Horse Wrangler, The (The Tenderfoot) [Laws B27]

DESCRIPTION: A young fellow decides to try cowpunching. The foreman assures his that it is an easy job, but the young man soon finds reason to disagree. Hurt by a fall, he gives up the job or is fired
AUTHOR: words credited to D. J. O'Malley (but see below); tune "The Day I Played Base Ball"
EARLIEST DATE: 1894 (Miles City, Montana Stock Growers' Journal, credited to "R. J. Stovall")
KEYWORDS: cowboy injury work horse humorous
REFERENCES (13 citations):
Laws B27, "The Horse Wrangler (The Tenderfoot")
Fowke/Johnston, pp. 96-97, "The Tenderfoot" (1 text, 1 tune)
Sandburg, pp. 274-275, "The Tenderfoot" (1 text, 1 tune)
Thorp/Fife III, pp. 44-57 (13-14), "The Tenderfoot" (7 texts, 4 tunes)
Fife-Cowboy/West 72, "The Tenderfoot" (1 text, 1 tune)
Ohrlin-HBT 19, "Cowboy's Life" (1 text, 1 tune)
Logsdon 17, pp. 118-122, "The Skewbald Black" (1 text, 1 tune)
LPound-ABS, 82, pp. 176-178, "Breaking in a Tenderfoot" (1 text)
Welsch, pp. 22-24, "The Horse-Wrangler" (1 text, 1 tune)
Silber-FSWB, p. 114, "The Tenderfoot" (1 text)
ADDITIONAL: John I. White, _Git Along, Little Dogies: Songs and Songmakers of the American West_, 1975 (page references are to the 1989 University of Illinois Press edition), pp. 73-100, "D. J. 'Kid' O'Malley, Montana Cowboy Poet" (1 text, 1 tune on pp. 89-91)
Hal Cannon, editor, _Cowboy Poetry: A Gathering_, Giles M. Smith, 1985, p. 28-29, "D-2 Horse Wrangler" (1 text)

Roud #3246
Bill Bender (The Happy Cowboy), "The Tenderfoot" (Varsity 5148, n.d.; rec. 1939)
Slim Critchlow, "D-Bar-2 Horse Wrangler" (on Critchlow1, BackSaddle)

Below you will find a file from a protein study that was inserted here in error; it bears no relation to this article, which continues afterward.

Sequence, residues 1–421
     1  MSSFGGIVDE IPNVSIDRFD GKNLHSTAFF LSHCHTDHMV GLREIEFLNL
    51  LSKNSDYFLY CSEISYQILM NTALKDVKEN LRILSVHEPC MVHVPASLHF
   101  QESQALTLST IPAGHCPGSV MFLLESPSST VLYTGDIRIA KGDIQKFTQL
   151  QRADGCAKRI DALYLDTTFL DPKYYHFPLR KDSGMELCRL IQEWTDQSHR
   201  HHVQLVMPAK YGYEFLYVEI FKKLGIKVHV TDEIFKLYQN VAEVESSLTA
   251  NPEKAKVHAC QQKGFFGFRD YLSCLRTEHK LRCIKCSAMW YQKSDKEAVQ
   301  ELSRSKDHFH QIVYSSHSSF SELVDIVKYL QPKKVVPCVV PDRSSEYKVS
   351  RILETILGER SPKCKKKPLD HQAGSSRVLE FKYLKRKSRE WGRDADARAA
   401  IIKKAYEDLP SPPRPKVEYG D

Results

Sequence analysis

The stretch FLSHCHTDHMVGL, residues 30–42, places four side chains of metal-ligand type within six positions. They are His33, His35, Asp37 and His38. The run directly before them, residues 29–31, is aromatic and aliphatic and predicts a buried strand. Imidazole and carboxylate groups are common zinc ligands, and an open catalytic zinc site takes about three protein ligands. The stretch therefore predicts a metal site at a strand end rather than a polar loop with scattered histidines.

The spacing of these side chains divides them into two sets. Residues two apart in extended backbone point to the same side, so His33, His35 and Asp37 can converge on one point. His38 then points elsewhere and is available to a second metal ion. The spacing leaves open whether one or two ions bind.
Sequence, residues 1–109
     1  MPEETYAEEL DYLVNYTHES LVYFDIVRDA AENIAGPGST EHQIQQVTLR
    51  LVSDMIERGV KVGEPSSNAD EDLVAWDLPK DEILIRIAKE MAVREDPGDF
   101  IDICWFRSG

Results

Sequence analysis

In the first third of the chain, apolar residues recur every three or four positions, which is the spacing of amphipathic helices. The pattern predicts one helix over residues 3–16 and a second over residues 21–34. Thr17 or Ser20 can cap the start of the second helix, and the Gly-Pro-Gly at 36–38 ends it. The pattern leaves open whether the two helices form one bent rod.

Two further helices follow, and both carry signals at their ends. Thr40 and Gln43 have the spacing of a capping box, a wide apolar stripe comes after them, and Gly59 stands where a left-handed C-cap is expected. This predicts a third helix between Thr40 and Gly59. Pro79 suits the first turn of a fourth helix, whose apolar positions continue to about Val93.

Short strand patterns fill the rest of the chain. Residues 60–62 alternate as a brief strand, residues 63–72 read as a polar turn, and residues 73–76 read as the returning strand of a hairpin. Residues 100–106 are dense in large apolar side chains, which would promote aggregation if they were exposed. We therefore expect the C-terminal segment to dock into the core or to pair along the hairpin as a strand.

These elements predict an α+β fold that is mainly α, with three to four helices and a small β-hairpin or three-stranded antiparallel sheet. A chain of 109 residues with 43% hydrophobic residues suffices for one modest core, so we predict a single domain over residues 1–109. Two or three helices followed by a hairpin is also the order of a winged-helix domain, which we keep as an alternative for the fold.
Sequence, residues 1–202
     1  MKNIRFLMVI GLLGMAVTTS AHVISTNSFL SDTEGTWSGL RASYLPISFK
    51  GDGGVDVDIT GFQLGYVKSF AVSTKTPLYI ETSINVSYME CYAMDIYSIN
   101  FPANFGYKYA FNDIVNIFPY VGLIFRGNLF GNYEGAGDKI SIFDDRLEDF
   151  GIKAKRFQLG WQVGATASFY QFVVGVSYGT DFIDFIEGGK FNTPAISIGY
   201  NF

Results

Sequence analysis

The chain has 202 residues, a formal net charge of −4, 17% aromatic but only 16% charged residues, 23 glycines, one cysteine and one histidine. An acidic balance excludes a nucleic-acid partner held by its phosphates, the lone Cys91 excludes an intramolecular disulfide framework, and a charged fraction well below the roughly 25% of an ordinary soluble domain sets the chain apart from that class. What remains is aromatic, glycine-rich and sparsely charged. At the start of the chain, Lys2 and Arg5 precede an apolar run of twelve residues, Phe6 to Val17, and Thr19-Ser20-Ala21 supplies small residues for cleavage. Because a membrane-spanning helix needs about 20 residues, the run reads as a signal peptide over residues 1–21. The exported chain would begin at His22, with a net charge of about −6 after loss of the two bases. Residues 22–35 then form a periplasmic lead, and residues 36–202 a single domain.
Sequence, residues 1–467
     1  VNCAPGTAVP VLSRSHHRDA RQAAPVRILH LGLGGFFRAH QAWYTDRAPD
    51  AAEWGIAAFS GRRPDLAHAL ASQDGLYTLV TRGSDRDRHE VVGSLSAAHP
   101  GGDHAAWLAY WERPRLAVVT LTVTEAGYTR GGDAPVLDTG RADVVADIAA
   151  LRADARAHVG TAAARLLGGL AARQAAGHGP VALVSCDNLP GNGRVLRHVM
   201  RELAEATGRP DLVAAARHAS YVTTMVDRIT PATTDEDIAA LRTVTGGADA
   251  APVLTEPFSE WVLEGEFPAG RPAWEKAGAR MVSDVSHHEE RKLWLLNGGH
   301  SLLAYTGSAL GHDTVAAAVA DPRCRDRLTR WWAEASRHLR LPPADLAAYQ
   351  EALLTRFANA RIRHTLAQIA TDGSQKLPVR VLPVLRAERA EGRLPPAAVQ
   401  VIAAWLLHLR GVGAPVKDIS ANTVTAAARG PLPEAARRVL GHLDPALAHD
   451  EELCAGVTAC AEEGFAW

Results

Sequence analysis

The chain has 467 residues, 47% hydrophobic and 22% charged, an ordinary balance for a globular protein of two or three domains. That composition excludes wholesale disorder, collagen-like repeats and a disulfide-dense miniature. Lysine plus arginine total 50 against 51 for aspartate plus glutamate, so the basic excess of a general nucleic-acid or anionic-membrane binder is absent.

Glenn Ohrlin, "The Tender Foot" (on Ohrlin10)

cf. "The Day I Played Base Ball" (tune)
NOTES [250 words]: The authorship of this piece is slightly uncertain. Lomax credits it to D. J. O'Malley (writing under the name R. J. Stovall); in 1932 O'Malley emphatically claimed authorship, claiming to have written in the piece in 1893. Logsdon apparently has no hesitation about crediting it to O'Malley; neither does Cannon. Sam Hinton heard a story that the real R. J. Stovall gave O'Malley a $5 hat for the right to publish the song under his name (so Sing Out!, volume 41, #2 [1996], p. 134, probably deriving the story from p. 87 of the essay by John I. White cited below).
However, the song was also claimed by an R. D. Mack, and Thorp's 1921 edition credits it to "Yank Hitson, Denver, Colorado, 1889." Perhaps more significantly, Thorp reports collecting it in Arizona in 1899. J. Frank Dobie rejected O'Malley's authorship, although for frankly rather absurd reasons.
In support of O'Malley's authorship, we note that O'Malley is also credited with "Charlie Rutledge," which also appeared in the Miles Ciry journal in the 1890s. On the other hand, O'Malley has also been credited with "Little Joe the Wrangler," and the evidence is strong that Thorp wrote that.
For background on O'Malley (and some prints from the Miles City newspaper), see John I. White, Git Along, Little Dogies: Songs and Songmakers of the American West, 1975 (page references are to the 1989 University of Illinois Press edition), pp. 73-100, "D. J. 'Kid' O'Malley, Cowboy Poet." O'Malley's title was "The 'D2' Horse Wrangler." - RBW
Last updated in version 3.6
File: LB27

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